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General Practice Awards 2018: Mental Health Initiative

General Practice Awards 2018: Mental Health Initiative
By Beth Gault
10 October 2018

Mental Health Initiative Award – sponsored by LLoyds Bank 

The finalists for the General Practice Awards, which celebrate leading examples of innovation, hard work and leadership within primary care, were revealed at the end of August.

The awards, which will be held on 30 November at the Park Plaza Westminster Bridge hotel in London, are in their tenth year and, in the run-up to next month’s awards ceremony, Healthcare Leader is profiling the shortlisted candidates.

Judges were looking for excellence in mental health services, through high quality care and innovative projects. Entrants had to show evidence of sustainability, innovation and successful delivery.

Heidi Crompton, Royal Crescent and Preston Road Practice

With support of the Ted Fort Grant, advanced nurse practitioner Heidi Crompton led the development of the Junction Project. Its aim was to improve services for young people with mental health problems by increasing the knowledge of the practice team and developing a digital template to help staff assess mental health.

The project offers training for practice staff on the health needs of young people, including reception staff, nurses and GPs. A digital form was created, which records practical details, history – including life events, thoughts and feelings, as part of the consultation and examination process.

The template also includes detailing an agreed plan for the patient, prompts to work with other parties – such as carers or school nurses – and resources such as training links for health professionals.

As part of the initiative, training was also implemented across the practices and, in the four weeks following the training, the template was used eight times, and feedback from staff was positive.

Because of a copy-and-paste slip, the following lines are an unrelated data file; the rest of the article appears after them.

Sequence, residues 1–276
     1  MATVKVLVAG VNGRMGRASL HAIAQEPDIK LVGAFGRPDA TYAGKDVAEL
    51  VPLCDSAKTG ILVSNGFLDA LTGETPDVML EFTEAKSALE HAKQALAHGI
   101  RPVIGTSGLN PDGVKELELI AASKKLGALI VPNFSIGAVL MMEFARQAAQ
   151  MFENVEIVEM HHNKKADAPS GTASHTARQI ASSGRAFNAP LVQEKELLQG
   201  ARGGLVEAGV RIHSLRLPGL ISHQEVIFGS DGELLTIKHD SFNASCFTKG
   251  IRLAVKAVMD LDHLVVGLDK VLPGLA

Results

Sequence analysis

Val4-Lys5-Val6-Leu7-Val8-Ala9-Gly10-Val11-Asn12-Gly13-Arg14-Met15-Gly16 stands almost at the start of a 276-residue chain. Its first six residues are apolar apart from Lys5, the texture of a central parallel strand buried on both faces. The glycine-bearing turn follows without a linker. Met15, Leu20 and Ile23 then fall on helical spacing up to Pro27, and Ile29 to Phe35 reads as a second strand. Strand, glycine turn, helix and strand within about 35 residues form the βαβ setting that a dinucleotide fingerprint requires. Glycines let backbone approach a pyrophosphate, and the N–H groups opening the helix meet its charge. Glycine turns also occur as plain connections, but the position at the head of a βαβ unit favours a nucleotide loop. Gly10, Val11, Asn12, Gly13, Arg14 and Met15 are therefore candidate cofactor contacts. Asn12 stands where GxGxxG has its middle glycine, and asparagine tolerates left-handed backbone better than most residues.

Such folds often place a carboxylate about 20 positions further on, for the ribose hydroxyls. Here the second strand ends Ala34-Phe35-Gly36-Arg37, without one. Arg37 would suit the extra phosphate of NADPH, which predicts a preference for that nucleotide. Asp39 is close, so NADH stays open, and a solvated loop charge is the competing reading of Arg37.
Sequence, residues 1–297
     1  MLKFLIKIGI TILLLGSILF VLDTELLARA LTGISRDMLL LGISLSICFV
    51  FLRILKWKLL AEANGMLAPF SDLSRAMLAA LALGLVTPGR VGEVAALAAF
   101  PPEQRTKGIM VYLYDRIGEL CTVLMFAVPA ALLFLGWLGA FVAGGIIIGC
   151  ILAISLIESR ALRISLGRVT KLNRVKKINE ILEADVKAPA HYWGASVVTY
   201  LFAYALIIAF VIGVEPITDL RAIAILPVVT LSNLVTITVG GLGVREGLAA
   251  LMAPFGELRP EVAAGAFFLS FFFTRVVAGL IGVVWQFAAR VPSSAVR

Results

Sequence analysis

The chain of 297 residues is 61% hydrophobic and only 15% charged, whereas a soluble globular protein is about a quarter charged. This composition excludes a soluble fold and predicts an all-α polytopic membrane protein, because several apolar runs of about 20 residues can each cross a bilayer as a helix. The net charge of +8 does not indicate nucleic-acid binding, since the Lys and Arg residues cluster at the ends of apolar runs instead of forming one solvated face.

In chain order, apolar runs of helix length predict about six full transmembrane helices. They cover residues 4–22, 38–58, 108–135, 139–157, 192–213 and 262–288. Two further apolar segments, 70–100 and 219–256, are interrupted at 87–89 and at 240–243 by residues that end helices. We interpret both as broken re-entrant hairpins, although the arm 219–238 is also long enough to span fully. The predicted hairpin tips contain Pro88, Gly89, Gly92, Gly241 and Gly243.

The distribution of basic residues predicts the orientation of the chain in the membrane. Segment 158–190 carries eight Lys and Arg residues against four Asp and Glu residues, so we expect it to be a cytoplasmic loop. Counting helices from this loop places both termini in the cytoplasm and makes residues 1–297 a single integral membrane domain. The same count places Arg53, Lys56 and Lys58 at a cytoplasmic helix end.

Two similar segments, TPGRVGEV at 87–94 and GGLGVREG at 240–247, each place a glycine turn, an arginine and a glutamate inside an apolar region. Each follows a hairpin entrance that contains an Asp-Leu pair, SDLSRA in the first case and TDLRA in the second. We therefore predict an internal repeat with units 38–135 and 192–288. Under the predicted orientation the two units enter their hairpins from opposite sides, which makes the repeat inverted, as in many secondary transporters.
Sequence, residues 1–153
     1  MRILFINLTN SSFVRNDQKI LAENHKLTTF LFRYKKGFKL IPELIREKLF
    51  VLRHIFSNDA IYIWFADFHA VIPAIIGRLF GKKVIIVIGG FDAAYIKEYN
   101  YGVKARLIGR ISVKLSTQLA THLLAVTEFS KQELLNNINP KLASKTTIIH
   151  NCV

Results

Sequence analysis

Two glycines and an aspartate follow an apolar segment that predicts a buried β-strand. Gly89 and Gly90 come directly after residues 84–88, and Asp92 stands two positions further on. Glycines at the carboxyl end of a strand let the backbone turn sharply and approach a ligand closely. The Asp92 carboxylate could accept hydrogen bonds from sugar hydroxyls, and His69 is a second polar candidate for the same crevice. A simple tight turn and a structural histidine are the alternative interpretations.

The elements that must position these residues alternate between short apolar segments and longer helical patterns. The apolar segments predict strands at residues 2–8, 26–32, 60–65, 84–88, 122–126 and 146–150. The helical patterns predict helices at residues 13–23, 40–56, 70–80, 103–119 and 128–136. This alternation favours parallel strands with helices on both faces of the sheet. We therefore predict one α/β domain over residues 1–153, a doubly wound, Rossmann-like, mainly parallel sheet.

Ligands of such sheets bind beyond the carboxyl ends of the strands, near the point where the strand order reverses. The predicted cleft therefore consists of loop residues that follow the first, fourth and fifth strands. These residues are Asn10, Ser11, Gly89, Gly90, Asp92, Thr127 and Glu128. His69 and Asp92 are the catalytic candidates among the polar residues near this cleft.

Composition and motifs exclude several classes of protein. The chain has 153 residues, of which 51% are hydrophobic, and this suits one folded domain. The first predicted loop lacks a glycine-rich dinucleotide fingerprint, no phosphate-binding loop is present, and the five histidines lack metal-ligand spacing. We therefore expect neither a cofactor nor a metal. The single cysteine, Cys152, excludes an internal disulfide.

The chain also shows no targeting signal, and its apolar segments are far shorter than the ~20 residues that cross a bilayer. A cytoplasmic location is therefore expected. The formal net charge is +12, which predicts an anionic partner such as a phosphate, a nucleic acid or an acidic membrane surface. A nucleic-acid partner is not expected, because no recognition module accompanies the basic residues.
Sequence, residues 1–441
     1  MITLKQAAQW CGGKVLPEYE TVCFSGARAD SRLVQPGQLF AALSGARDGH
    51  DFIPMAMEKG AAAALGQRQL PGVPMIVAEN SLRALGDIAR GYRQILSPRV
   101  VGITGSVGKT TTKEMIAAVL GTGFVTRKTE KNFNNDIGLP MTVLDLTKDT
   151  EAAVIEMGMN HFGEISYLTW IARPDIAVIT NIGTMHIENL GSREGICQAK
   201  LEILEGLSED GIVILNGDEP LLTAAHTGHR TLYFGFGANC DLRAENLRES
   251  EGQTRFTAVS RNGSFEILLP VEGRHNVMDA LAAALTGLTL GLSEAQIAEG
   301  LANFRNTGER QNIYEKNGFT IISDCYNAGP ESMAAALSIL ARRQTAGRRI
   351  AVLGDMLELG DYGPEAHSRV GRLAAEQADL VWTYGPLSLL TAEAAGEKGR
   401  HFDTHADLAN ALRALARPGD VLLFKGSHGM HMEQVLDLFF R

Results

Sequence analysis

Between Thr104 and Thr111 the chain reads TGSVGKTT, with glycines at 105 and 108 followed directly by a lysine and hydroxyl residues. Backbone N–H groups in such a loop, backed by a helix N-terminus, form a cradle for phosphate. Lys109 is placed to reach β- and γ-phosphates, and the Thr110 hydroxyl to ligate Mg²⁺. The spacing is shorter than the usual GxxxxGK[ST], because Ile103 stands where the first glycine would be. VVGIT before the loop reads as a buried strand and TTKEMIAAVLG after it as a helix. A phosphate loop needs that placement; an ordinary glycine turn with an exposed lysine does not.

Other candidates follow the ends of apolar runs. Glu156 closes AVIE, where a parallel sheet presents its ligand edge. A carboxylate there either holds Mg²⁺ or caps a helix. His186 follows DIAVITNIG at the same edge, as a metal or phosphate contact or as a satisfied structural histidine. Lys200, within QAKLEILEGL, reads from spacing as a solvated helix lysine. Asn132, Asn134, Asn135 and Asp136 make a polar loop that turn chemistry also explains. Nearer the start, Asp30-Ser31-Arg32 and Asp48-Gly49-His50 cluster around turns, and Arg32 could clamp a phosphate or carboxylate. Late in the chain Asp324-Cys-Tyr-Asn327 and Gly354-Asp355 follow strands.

Cambridgeshire & Peterborough Mental Health Crisis First Response Service

The First Response Service (FRS) is a 24/7 all age community-based service designed to support people experiencing mental health problems by providing immediate access to mental health care, advice, support and treatment.

By calling 111 and selecting option two, the patient, career, GP or other professional, is put through to a mental health telecoach who will discuss present mental health needs with them, agree a care plan and organise further assessment if necessary.

The implementation of the service has reduced demand for GP appointments, out of hours GP time, hospital admissions, ambulance callouts  and A&E attendances – with the latter previously being the only option for seeing a mental health patients out of hours.

Over 70% of FRS users have reported a good or excellent experience of the service, according to CQC figures from 2015, and there has been a 19% reduction in numbers of mental health patients admitted to acute hospitals from A&E since the initiative was introduced.